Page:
“Oh be careful! If you breathe it breaks!” I loved how the actress’s voice rasped across that line—all panic at her fragile glass statue in the hands of another, her voice unused to speaking. The love in the half-catch and quaver of her breath, the hitch of fear, this is what haunts me from the performance. This was the American Repertory Theater’s recent production of “The Glass Menagerie.” Celia Keenan-Bolger, who, as Laura, seemed shrunken smaller than a memory in presence of Cherry Jones’s oxygen-stealing, heart-breaking, mesmerizing, Amanda and Zachary Quinto’s tightly coiled rage as Tom. Except, in this moment where Laura shares the best she has to give and all her stymied love and fear and hope runs ragged towards the light, ripped from her lungs, her heart.
I find myself thinking of love and fear and protection in a variety of guises often. If we are not careful, we will all break all that we love, starting with our own hearts and bodies and ripping up through the cosmos to climate change, space trash, and beyond. But if we are too careful, too concerned and cautious, perhaps nothing good will ever happen. You’ve go to break some eggs to make an omelet, I was recently reminded. That was the message I received from the play. Yes, all the hopes come crashing down, shattered like a carousel unicorn against a wrecking ball. But, even at such times, we still all get out of bed, eat breakfast, convert oxygen to carbon dioxide, and get about the business of living. For some, of course, this is easier. Not everyone has the crushed hopes of Amanda Wingfield to contend with, for example. But, we’re all a little damaged, a little crippled here and there. Dancing to the music across the alley, as Laura does with her gentleman caller, may not fix club feet, broken hearts, skinny legs, warts, or any of it. People are people, not messiahs or silver bullets. But the dancing, the risk-taking, the fun, does make the bumps and bruises better, just to know that as unique as our cripplings are, everyone has them. And that they do not matter any more than the weight we give them.
One of the more amazing and instructive moments of my life—thus far—came when I was briefly studying Zen life in Japan as an undergrad. My freshman Philosophy professor, myself, and three other students when touring around Japan on a Freeman Fellowship grant for three weeks. One week brought us to Osaka and the classroom of my professor’s professor. He—Robert Carter—put the classic Zen Ox-Herding pictures on the overhead projector and proceeded to blow my mind. Through the series, a young boy is looking for the ox, a metaphor for enlightenment and wisdom. Once he finds the ox, he is able to stop searching, to rest with the knowledge, to see that the ox was everywhere and nowhere in one moment. There is one picture that is full of life—mountains and trees and waterfalls. The next in the series is empty. Dr. Carter explained that the trick is to look at the world through both, as if focusing a telescope’s different lenses. Like a kaliedescope, seeing everything and nothing in tandem. There is a sweet tension in holding opposite views in one thought, and knowing that both are righter than rain.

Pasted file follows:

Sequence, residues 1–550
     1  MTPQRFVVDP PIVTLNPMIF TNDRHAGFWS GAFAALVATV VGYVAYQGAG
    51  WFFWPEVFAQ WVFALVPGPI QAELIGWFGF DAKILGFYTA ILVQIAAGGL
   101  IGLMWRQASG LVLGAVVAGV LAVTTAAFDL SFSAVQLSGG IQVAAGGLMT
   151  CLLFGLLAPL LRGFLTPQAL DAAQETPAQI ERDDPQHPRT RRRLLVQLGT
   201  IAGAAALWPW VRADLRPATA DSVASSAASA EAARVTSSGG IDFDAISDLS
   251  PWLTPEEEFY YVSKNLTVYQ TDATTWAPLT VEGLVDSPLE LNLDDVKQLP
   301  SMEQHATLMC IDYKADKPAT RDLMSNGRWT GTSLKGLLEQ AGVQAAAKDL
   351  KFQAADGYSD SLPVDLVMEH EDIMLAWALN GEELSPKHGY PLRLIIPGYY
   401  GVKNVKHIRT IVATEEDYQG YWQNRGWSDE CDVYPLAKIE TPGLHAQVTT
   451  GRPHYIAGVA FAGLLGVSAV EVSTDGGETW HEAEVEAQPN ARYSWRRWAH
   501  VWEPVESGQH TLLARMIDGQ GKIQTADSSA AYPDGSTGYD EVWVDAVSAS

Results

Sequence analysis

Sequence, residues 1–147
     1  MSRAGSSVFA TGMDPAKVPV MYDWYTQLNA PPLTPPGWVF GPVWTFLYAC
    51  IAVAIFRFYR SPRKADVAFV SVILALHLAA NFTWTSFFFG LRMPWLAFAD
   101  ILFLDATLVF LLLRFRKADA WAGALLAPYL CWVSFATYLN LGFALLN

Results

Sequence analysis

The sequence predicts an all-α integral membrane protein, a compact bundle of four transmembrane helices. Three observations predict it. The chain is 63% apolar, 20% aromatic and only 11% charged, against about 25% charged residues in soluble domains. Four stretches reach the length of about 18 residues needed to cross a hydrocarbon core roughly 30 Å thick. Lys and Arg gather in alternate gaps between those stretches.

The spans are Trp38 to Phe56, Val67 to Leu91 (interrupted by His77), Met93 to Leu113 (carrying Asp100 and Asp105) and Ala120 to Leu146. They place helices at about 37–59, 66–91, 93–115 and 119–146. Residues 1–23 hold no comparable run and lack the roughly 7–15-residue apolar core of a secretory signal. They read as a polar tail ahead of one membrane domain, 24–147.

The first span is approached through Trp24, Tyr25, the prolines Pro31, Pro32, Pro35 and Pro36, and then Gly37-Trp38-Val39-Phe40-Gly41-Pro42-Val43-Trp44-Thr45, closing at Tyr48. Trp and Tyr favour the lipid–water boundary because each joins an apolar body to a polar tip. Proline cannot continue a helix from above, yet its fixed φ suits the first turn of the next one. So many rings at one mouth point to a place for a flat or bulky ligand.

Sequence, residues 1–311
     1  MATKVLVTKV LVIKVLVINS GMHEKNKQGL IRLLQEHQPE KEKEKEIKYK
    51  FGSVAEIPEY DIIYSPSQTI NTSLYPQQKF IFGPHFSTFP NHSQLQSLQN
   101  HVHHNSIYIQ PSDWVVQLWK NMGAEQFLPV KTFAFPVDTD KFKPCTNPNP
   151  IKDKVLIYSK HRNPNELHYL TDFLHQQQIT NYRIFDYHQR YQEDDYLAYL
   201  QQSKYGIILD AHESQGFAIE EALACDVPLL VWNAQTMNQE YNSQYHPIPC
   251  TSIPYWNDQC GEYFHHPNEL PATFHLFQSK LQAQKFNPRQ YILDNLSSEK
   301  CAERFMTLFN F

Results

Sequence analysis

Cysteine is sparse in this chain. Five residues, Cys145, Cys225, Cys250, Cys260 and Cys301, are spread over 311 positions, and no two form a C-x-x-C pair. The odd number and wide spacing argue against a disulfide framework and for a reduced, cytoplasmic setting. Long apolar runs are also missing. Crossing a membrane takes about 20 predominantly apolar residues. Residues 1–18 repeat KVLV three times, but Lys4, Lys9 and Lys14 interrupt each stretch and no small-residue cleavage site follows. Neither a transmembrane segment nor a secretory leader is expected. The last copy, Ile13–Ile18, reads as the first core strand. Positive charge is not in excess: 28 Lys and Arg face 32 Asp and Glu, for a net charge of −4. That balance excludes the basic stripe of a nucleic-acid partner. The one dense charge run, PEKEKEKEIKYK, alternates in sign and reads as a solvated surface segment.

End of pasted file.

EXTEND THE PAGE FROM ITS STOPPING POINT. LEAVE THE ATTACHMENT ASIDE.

At my best times, I can almost do this.
After seeing “The Glass Menagerie” I started thinking more about ways in which I treat myself, my hopes, as if made of glass. I am, at times, afraid to breath around my hopes, so fearful that everything I want and love will shatter. I am thirty-one and have spent at least the last fifteen years trying to be as capable in as many capacities as possible. I know myself to be sturdy, and that I can--with help--heal from whatever breaks me. So my fears are as foolish as Laura’s. She is a terrifying character to identify with in that regard. I try to remember, as I go about my life, that I am not glass, that I will break, but not shatter, and that’s normal, that’s life.
But then, with my new thoughts of “Throw rocks at the glass menagerie! Do not be so precious as too forget to live!,” I went to the Harvard Museum of Natural History. They have an entire exhibit of glass flowers. “The Glass Herbarium,” if you will, (and I will.)
I had expected the flowers would be blown glass sculptures, or stained glass windows of gardens. I was not in the least expecting to see case upon case of glass flowers laid out on parchment paper as if in a botany textbook. I hadn’t, foolishly, expected such a perfect marriage of Science and Art.
My mother and sister and I wandered up and down the cases. I found the plants I most consider friends—diapensia and mountain sandwort and moss campion. These are all plants that I smile at as if I have fallen in love when I see them in the mountains. They are part of what I love and feel bound to protect from errant feet and changing climates. And here they all were, preserved in glass. Are they safer in glass, are these glass flowers in glass cases in a museum with temperature controls and neat signs saying to keep off the glass, than their wild brethren?
I worry, very much, that they are.
So here are my two lenses of glass to view the world through today, after my cultural excursions—protect what needs protecting, and get out and live with the rest. I don’t advocate for smashing the glass flowers, but for loving the real with the same ferocity we protect glass flowers. That goes for our human lives, too--I'm all for living life with the same dedication as some might polish glass unicorns, (or bunnies) and hide from beautiful, shattering, reality.